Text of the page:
The Extremist Tail Wagging The Whole Pig
If you want to run around the street shooting cartoonists and police officers you can apparently be sure that the next day people will write articles blaming the cartoonists for “provoking” you.
It is merely to say that some common sense would be useful at publications such as Charlie Hebdo, and Denmark’s Jyllands-Posten, which purport to strike a blow for freedom when they provoke Muslims, but are actually just being stupid. (Source).
Or, even worse:
While Charlie Hebdo’s antics made it a plucky champion of free speech it left a succession of French governments in an awkward position. They were obliged to defend a fundamental value while warning against unnecessary provocations of the nation’s 5m Muslims that risked “pouring fuel on the fire”, as Laurent Fabius, the French foreign minister, said in 2012.
Mr Charbonnier had been on a particular collision course with France’s Muslim community since 2006, when he rushed to support a Danish newspaper that stoked tensions worldwide by publishing cartoons of the Prophet Mohammed. (Source).
This line has been trotted out for years, in defence of the thugs who killed anyone Scandinaviany after a Danish newspaper Jyllands-Posten published cartoons that depicted Muhammed in various ways (including one cartoonist who poked fun at the right-wing politics of Jyllands-Posten- but don’t worry about details like that if you want to censor people by killing them) and in defence of the various attempts on Salman Rushdie’s life, including the successful murder of his translator, Hitoshi Igarashi.
Just to put that particularly horrible and grisly death into context: one man writes a novel, another man translates it, and then a third man issues a public decree calling for their deaths. So far my moral compass has not been sent astray, except for the part where a dictator of a foreign state demands death upon a novelist for writing a novel, and anyone involved in the publication of that novel, no matter what. Death to all! Years go by, and someone decides to visit Hitoshi in his office at the University of Tsukuba, stabs him repeatedly in the face, killing him, and is never caught.
But really, Salman should not have started it, should he? Charlie Hebdo were “just being stupid” weren’t they?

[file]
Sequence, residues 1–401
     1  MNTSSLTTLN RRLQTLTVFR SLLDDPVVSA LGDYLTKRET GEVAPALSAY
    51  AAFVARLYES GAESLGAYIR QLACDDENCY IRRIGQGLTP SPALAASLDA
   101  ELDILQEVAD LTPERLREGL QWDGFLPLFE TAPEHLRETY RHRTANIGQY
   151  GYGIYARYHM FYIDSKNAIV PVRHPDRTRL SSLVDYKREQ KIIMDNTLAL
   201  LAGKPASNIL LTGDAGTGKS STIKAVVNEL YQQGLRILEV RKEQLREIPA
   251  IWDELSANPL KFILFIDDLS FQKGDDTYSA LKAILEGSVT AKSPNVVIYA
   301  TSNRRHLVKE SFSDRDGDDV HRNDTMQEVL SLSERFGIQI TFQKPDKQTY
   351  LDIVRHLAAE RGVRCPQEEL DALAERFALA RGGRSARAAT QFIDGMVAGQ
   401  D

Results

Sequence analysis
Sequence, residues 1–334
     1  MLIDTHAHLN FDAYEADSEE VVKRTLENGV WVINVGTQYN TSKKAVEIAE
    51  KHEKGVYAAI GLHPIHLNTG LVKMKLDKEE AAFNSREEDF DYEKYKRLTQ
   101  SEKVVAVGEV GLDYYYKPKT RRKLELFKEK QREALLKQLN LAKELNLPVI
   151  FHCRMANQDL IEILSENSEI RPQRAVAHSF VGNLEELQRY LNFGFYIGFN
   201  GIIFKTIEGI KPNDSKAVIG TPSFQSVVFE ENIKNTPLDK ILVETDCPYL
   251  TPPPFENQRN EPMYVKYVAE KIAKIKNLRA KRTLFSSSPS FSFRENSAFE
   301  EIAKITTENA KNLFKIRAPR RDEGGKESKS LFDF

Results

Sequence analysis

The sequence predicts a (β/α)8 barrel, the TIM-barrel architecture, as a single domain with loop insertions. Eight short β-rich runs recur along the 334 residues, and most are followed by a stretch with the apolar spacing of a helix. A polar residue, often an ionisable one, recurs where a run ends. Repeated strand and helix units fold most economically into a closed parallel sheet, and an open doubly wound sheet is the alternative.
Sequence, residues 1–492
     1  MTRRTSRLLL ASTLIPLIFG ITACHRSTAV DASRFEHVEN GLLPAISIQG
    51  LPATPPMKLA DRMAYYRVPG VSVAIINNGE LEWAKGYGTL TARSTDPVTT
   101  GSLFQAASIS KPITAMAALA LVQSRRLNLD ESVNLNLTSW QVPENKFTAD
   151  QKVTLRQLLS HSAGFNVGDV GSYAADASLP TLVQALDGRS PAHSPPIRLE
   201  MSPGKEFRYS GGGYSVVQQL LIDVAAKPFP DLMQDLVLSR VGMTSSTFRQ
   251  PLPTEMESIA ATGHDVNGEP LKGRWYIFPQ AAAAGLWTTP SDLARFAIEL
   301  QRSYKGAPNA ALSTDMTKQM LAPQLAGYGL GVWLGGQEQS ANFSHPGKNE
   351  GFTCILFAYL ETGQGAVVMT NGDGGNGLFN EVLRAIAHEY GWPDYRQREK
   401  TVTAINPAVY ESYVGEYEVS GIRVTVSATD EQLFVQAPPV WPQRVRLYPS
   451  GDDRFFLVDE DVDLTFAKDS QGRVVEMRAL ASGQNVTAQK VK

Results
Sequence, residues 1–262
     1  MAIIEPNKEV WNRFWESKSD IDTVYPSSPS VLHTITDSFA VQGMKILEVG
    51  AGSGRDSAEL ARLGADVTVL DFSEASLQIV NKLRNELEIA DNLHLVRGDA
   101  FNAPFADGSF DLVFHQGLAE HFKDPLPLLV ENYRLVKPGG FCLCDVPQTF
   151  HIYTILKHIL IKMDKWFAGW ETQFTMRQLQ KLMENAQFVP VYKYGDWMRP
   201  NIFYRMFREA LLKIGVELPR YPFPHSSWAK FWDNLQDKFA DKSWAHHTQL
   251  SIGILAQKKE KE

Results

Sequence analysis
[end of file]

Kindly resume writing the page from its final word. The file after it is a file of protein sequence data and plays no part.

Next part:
It seems like a ridiculous argument, but people are fond of saying it. (It’s easier than thinking, I guess.) Take for example this classic line from Shirly Williams on an episode of BBC’s Question Time, regarding Salman’s knighthood:
The department of culture…were not very wise to put (Salman’s name forward). This is a man who has deeply offended muslims in a very powerful way, who has been protected by the british police against threats of suicide (sic) for years and years at great expense to the taxpayer, and frankly I think that it was not wise and not very clever to give him a knighthood.
Following this line of argument leads us into some murky territory- if Shirly was upset that the taxpayer had to protect Salman from death threats, perhaps she would prefer a situation in which he could be stabbed in the face by crazed fundamentalists following a fatwa? That wouldn’t cost taxpayers anything, and we don’t have to worry about defending any of those vague concepts like free speech. So long as the fundamentalists are not offended, everything will be fine.
I hardly need to rebut her arguments, because Christopher Hitchens did it so well. In fact he spoke frequently about Salman’s fatwa and of the Danish cartoon saga, and I only wish he could have been around today to offer his commentary on the recent events in Paris. Here he is in top form reminding us how pernicious these arguments are (watch from 13:48-25:20; the whole video is great, if you have the time. Or, read his article on the issue).
Though I am just a lowly blogger with only a few months of posts behind me (to paraphrase Flight Of The Concords, I’m a “part-time satirist”) it truly does terrify me that I could theoretically be gunned down by intolerant savages simply by writing something that “offends” them.
I have chosen not to publish some things in an attempt to avoid crossing the line, and sometimes I wonder if it would be better to just publish it regardless of what I think people will say. That is my choice, and so it should remain. It is also your choice to read my work, and if you feel I have crossed a line you can express your disapproval to me with your comments and criticisms. You can’t run into my house shooting an AK-47 at anyone who happens to be there, and then shoot the policemen who come to stop you. It seems that some commentators would be only too happy to blame me for inciting it. We need to better than this. We are better than this.
(And yes, I did see The Interview just to spite the hackers, and I did think it was mostly terrible. But Eminem’s cameo was brilliant, and there was at least one other joke I liked; but even if it was irredeemable rubbish, I still would have wanted to see it.)
In the end, if you write a cartoon no matter how tasteless or bad, it is in no way your fault when murderous thugs kill you and anyone around you. I think this guy summed it up quite well on Twitter:
Update: More voices of unreason:
Stephane Charbonnier, the paper’s publisher, was killed today in the slaughter. It is too bad that he didn’t understand the role he played in his tragic death. In 2012, when asked why he insults Muslims, he said, “Muhammad isn’t sacred to me.” Had he not been so narcissistic, he may still be alive.
Update 2: The flabby, ignorant excuses continue.